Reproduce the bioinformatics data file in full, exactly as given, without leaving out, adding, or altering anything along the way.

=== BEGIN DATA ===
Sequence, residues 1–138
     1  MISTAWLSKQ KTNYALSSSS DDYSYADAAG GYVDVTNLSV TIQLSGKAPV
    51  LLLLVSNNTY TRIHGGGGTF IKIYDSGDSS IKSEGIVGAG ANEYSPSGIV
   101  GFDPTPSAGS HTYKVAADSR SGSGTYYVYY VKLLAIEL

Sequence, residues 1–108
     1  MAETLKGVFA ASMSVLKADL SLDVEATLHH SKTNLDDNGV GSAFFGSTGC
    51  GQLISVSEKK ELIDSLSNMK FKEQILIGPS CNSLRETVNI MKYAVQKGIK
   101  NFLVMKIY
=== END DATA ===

Sequence, residues 1–138
     1  MISTAWLSKQ KTNYALSSSS DDYSYADAAG GYVDVTNLSV TIQLSGKAPV
    51  LLLLVSNNTY TRIHGGGGTF IKIYDSGDSS IKSEGIVGAG ANEYSPSGIV
   101  GFDPTPSAGS HTYKVAADSR SGSGTYYVYY VKLLAIEL

Sequence, residues 1–108
     1  MAETLKGVFA ASMSVLKADL SLDVEATLHH SKTNLDDNGV GSAFFGSTGC
    51  GQLISVSEKK ELIDSLSNMK FKEQILIGPS CNSLRETVNI MKYAVQKGIK
   101  NFLVMKIY